Last week, attorneys general from 17 states wrote a letter to Democrat and Republican leaders in both houses of Congress, expressing support for Senate Resolution 46 and House Resolution 100, which call upon President Biden to use executive authority under the Higher Education Act to cancel up to $50,000 in federal student loan debt for all student loan borrowers.
The attorneys general begin the letter by highlighting their responsibility for enforcing consumer protection laws and remarking that they are “keenly aware” of the “substantial burden” that federal student loan debt places on the residents of their states.
The letter also notes that student loan borrowers were already struggling before the COVID-19 pandemic, many owing more than they originally borrowed, and that as many as one in five federal student loan borrowers are now in default. The letter further notes that “many struggling borrowers are victims of predatory for-profit colleges that lure students with false promises and leave them with worthless degrees, few job prospects, and insurmountable debt.”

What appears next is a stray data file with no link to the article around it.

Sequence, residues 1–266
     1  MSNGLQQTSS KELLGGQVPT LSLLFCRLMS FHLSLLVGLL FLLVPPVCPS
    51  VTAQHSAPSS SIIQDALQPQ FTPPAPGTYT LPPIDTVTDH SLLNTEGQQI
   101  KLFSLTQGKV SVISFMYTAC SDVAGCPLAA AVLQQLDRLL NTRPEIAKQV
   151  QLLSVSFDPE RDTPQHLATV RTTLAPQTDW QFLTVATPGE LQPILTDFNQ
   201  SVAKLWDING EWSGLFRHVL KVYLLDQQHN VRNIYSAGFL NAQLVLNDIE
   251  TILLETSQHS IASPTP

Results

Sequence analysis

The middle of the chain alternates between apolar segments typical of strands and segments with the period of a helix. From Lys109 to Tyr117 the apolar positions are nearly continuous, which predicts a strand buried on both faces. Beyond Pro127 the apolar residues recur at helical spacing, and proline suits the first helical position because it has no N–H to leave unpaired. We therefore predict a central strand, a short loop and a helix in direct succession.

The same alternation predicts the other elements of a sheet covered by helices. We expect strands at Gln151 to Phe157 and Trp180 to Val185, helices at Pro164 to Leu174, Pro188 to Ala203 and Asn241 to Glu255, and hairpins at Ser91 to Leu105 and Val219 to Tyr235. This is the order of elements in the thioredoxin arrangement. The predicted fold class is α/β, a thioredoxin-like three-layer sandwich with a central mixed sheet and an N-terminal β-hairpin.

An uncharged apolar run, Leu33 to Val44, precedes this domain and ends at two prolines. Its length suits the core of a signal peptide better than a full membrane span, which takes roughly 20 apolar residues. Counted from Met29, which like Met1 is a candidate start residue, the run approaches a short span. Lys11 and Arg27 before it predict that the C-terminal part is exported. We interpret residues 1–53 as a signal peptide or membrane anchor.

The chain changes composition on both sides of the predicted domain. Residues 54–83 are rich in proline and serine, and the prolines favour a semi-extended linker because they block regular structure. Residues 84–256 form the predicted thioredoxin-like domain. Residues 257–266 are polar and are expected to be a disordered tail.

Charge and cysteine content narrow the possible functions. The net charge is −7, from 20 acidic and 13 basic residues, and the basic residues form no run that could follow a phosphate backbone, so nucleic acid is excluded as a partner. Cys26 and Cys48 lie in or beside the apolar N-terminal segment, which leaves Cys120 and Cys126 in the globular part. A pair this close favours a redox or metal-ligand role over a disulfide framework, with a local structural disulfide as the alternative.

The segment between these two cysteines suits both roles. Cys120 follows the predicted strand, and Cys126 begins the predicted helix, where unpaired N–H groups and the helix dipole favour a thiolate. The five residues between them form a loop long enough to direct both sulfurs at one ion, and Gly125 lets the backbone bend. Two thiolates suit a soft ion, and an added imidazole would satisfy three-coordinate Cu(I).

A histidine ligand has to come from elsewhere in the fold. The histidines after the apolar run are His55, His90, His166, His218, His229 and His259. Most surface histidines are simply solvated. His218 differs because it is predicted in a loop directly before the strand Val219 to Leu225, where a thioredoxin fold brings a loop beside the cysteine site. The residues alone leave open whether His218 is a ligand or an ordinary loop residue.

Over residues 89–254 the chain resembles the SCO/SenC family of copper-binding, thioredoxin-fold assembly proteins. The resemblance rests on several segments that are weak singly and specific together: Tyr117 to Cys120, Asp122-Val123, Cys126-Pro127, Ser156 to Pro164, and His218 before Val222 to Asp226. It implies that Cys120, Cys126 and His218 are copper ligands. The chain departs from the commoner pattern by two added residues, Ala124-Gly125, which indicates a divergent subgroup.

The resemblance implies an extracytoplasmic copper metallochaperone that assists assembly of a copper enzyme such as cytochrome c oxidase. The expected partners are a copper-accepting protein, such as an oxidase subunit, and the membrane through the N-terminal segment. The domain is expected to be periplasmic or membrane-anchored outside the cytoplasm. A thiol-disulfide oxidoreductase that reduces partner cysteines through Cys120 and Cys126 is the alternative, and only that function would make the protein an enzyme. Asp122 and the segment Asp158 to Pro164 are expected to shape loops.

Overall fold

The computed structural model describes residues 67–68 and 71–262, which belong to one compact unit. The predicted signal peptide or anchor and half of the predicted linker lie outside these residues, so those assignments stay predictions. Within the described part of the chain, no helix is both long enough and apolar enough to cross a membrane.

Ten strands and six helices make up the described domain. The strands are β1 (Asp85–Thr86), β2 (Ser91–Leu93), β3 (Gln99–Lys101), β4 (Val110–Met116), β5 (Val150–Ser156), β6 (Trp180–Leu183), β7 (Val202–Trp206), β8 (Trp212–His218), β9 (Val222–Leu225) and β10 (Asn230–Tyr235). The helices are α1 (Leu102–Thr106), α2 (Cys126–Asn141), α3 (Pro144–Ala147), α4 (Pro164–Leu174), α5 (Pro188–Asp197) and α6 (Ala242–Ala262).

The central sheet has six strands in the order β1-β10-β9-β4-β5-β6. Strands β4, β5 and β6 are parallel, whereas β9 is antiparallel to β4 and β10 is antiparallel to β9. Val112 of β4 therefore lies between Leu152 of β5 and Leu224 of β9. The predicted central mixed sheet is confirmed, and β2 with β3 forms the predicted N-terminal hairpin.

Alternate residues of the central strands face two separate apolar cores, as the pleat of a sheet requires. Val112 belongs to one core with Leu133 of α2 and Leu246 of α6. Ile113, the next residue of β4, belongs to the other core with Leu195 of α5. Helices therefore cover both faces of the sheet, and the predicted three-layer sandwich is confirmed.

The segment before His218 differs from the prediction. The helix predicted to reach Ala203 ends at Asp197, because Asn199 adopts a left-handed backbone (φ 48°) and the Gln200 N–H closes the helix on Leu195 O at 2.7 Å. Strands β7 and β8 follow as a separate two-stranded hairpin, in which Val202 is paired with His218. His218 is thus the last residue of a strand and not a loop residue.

The attorneys general argue that the existing repayment system for federal student loans provide “insufficient opportunity for struggling borrowers to manage their debts or recover from the current economic crisis,” and that “broad cancellation of federal student loan debt will provide immediate relief to millions who are struggling during this pandemic and recession, and give a much-needed boost to families and our economy.”
The letter comes on the heels of a comment recently made by President Biden at a town hall meeting during which he stated that he is in favor of cancelling $10,000 in federal student loan debt, rather than the $50,000 advocated by the Senate and House Resolutions.
The states participating in the letter are Massachusetts, New York, Connecticut, Delaware, the District of Columbia, Hawaii, Illinois, Maryland, Minnesota, Nevada, New Mexico, New Jersey, Oregon, Vermont, Virginia, Washington, and Wisconsin.